Australia seems to be playing a key role in the academic exams market. What do you think makes Australia so strong in international education?

 

A Australia has been involved in international education since the days of the Colombo Plan, which saw a group of about 5,500 scholarship students study in Australia between 1951 and 1964. Of course we have moved on a fair bit since then with almost 500,000 students studying in Australian educational institutions today. The cultural ties, our proximity to the rest of Asia and the quality of an English language education combined with some very smart pioneers of the international education industry here have all helped Australia get to where it is today. The growth of this industry – now ranking as Australia’s  third largest export industry supporting almost 125,000 jobs, of course led to the need to assess English language skills to ensure that international students were ready to enter courses delivered in English. The use of an English language test by the Department of Immigration and Citizenship (DIAC) for certain visa categories inAustralia since 2001 has obviously fuelled the growth of tests here in Australia. The need for a more reliable measure of English language proficiency with better accessibility has been a part of the development of PTE Academic, but that has been a reflection of the global needs.

 

Your current title is vice president, what are the most difficult and rewarding aspects of the job?

 

A The main aspects of my role are fairly varied; overseeing recognition and sales for the new test in the region, working with colleagues from different parts of Pearson in the region on educational solutions for a wide range of partners, developing relationships with education and government bodies and being part of the global management team at PLT. The most rewarding aspects of the job are working with a great set of colleagues on a daily basis and knowing that Pearson develops some fantastic educational solutions – whether it is in English language tests such as PTE Academic or our online learning resources to support students in almost any subject. The most challenging aspect has to be the time zone challenge. Our management team covers the globe and arranging meetings to suit everyone is always interesting. I often work late at night to attend meetings which is still preferable to my colleagues in the US who then have to get up at what seem like unearthly hours to me to be in the same meeting.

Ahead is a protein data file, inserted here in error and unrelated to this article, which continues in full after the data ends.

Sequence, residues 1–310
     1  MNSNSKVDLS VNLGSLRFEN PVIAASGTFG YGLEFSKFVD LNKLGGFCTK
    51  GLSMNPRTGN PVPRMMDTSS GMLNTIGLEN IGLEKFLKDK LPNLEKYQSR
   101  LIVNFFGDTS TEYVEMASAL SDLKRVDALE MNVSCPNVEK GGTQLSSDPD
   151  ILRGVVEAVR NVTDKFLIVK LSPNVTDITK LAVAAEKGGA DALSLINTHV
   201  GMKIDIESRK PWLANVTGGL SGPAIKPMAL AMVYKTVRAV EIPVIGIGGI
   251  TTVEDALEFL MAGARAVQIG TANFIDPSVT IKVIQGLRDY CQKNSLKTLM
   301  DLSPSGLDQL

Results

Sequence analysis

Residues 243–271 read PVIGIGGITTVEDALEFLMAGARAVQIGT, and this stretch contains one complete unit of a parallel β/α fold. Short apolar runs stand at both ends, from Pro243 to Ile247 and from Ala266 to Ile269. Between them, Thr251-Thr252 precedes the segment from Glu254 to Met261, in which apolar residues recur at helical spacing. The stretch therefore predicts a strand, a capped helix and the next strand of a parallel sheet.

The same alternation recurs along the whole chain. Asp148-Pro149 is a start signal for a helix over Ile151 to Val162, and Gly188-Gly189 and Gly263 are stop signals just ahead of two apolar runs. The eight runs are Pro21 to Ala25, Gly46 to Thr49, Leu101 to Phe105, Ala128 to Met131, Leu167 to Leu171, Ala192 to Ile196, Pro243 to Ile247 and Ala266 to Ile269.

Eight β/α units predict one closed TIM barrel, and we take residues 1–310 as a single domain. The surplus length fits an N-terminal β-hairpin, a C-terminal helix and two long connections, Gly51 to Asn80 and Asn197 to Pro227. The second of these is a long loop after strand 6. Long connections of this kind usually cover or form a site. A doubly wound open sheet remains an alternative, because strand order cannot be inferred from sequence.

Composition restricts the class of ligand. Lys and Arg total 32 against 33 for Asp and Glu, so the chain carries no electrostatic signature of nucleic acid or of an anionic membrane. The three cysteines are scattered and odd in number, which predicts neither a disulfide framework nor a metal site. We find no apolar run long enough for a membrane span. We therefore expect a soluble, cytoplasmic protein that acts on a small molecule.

When I talk to people in English language teaching about PTE Academic, they say why do we need another academic English exam? What are the three key factors which make this exam different?

 

A That’s easy. First reliability – the use of our automated scoring system ensures both candidates and receiving institutions know that they can trust the scores. Second security – exam security has always been an issue in high-stake exams and the use of integrated biometrics at the test centre ensures that the person who took the test is the person in the photo on the score report, meaning that there is no doubt over the identity of the person who took the test. Flexibility – the ability for candidates to take tests on a date and time that is suitable to them rather than waiting for availability has to be a plus.

 

The new PTE Academic is just set to launch. What for you personally has been the most memorable thing about the experience of developing the new test?

 

A Looking at how up to twenty different parts of Pearson have worked together to make this a reality. Also watching John de Jong’s (vice president test development at PLT)  concept for PTE Academic grow into what we are about to launch has been great.